Work aimed at children is ‘sacred’ says Emma Thompson as Matilda the Musical premieres

The actor, who plays Miss Trunchbull in the film, said she grew up surrounded by Roald Dahl workProducing work for children “is the most sacred work we ever have”, Emma Thompson has said ahead of the world film premiere of Roald Dahl’s Matilda the Musical.The…

Producing work for children “is the most sacred work we ever have”, Emma Thompson has said ahead of the world film premiere of Roald Dahl’s Matilda the Musical.

The actor, who plays tyrannical headmistress Agatha Trunchbull in the latest adaptation of the popular children’s novel, told reporters at the opening of the London film festival that she grew up surrounded by the work of Dahl.

“I read all the time. I was bullied at school, and the books that really spoke to me were the ones where there was real darkness,” Thompson said. “You don’t want to sugarcoat it, but it can’t be too real. It’s got to be frightening, but you’ve got to be able to contain it and get thrilled by it.

“But children see everything. When we’re little, we can feel and see everything, and we know that there’s darkness out there and often we experience it when we’re little. I think making work for children is the most sacred work we ever have, and it has to be our best work, it has to be so good because they need to get the best of us as artists. Then they’ll take that as they grow older.”

Thompson’s father, Eric, wrote the 1960s animation series The Magic Roundabout. “It was supposed to be for children, and he said: ‘Why should I write something for children? They’re just people who haven’t been on the planet as long as us, why should we talk down to them?’,” the actor recalled.

In researching the role, Thompson said she examined the childhood of Dame Edith Sitwell. “[She was] tortured as a child, and I decided that Trunchbull was cruel to children because she couldn’t bear her own childhood. She couldn’t bear any vulnerability in children because when she’d been vulnerable she’d been crushed … and I think that’s where it comes from a lot of time, that kind of cruelty,” said Thompson.

She added that it was “absolutely bliss” to a play a character like that “because you can indulge in your inner demons and let them out to play”.

The musical – which also stars Alisha Weir as Matilda, Lashana Lynch as Miss Honey, Stephen Graham as Mr Wormwood and Sindhu Vee as Mrs Phelps – will be released by Netflix internationally after UK cinema distribution by Sony in late November. The streaming service bought the rights to Dahl’s works for £370m early last year.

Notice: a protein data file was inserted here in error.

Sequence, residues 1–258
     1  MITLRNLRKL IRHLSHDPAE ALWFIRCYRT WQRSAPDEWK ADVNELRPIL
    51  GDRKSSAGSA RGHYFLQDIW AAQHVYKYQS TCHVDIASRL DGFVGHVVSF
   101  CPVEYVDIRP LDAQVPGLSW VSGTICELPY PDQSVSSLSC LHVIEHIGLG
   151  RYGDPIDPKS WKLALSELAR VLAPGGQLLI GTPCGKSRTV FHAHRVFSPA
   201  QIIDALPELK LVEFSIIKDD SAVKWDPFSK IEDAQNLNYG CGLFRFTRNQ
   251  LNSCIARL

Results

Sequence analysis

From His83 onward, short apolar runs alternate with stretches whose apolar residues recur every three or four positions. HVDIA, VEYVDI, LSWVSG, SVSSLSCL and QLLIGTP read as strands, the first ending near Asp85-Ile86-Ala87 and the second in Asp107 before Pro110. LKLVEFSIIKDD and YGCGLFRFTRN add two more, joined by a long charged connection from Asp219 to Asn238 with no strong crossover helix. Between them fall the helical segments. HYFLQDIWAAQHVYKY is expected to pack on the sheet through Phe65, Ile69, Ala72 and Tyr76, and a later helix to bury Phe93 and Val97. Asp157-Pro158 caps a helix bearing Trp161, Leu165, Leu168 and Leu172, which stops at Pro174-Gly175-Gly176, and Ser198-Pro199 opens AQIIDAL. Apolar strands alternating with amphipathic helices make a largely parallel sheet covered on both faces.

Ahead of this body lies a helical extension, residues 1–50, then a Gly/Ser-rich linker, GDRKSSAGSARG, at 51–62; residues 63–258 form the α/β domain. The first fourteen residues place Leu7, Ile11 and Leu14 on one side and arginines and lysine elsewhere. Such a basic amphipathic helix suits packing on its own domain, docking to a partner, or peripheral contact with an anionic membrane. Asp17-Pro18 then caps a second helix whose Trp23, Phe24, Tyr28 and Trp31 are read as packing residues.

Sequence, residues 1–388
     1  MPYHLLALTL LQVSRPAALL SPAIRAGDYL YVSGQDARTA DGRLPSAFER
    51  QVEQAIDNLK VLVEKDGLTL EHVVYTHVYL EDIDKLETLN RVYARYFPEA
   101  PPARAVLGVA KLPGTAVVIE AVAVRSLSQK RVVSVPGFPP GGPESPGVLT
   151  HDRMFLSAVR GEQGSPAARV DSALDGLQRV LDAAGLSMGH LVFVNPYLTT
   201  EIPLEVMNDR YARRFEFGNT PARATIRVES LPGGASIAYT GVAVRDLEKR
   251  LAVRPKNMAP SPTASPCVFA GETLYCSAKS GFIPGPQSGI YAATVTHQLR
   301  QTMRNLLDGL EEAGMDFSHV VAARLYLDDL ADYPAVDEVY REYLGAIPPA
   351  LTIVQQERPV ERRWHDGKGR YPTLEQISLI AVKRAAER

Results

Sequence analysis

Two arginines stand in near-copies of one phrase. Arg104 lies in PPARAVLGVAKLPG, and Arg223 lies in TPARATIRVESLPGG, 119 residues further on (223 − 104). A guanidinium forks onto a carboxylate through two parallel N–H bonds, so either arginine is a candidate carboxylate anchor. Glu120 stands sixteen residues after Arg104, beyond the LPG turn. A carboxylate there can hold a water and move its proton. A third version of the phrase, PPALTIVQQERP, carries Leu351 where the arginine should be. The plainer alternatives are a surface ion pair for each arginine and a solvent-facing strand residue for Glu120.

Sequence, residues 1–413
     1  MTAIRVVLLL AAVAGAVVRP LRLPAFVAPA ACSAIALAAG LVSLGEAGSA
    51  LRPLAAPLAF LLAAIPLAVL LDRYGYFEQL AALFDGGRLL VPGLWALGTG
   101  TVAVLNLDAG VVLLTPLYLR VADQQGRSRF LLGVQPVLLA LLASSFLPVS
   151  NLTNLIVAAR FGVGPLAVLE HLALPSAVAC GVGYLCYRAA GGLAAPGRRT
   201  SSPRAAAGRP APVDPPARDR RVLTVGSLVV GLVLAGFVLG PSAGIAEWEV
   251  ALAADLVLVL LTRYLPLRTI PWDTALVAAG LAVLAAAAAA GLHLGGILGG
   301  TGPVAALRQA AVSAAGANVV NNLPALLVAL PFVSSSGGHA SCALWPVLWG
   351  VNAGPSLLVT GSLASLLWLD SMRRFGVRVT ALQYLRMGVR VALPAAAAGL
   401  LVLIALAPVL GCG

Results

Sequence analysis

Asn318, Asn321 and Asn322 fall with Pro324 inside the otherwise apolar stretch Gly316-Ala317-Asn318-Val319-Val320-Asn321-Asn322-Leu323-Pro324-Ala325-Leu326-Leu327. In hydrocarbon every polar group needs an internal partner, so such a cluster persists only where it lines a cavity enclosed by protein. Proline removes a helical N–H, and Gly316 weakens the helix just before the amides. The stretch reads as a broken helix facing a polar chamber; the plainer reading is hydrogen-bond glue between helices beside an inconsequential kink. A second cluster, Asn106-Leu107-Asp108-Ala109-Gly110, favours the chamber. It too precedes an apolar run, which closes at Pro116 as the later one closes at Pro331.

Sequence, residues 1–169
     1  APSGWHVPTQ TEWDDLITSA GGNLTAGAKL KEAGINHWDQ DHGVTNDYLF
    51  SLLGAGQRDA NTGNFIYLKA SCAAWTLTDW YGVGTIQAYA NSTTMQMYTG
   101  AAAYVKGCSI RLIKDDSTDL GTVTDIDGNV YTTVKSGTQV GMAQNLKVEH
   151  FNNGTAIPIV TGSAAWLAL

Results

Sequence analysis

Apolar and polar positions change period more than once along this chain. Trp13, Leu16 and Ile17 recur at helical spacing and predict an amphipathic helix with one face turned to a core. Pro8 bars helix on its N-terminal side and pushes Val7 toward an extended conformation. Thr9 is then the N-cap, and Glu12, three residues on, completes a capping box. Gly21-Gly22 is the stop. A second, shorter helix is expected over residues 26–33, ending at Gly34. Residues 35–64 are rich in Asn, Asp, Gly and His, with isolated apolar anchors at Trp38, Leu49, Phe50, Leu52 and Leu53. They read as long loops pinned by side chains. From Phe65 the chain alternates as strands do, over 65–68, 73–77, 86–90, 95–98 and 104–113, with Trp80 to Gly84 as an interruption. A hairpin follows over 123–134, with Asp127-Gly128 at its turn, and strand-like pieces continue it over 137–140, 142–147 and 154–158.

Worldwide sales of Dahl’s 1988 novel about a young girl with telekinetic powers who battles her philistine parents and a hammer-tossing headmistress have topped 17m.

Matthew Warchus, director of the new filmand the acclaimed stage show on which it is based, said: “[Dahl] plays on exaggeration, which is a brilliant tool … you can take something which is horrible and exaggerate it, and it becomes manageable.”

Speaking about her role, Lynch said Miss Honey “allowed children to give their best self in the most organic and sweet way”. The actor, who made history as the first female and black 007, said the character had a host of her own vulnerabilities, and it was inspiring to see a black woman on screen “not be perfect … she just is”.

The 66th London film festival runs until 16 October when it closes with Glass Onion: A Knives Out Mystery, starring Daniel Craig. In total, the festival will host 164 feature films, 24 of which are world premieres – with additional red carpet galas scheduled.

The festival director, Tricia Tuttle, said she opted to open and close with “joyous bits of cinema” that will leave the audience feeling “uplifted” in response to troubling recent world events. “Matilda for us was really important,” she said. “It’s a great British story, but it’s also a really joyous story about underdogs getting their own back, and it’s a great female-centred story as well, that felt very special.”

Tuttle, who announced this week that she will be stepping down as BFI festivals director, also said she wanted LFF to help “reinvigorate” the film industry, which has suffered a huge knock following the pandemic.

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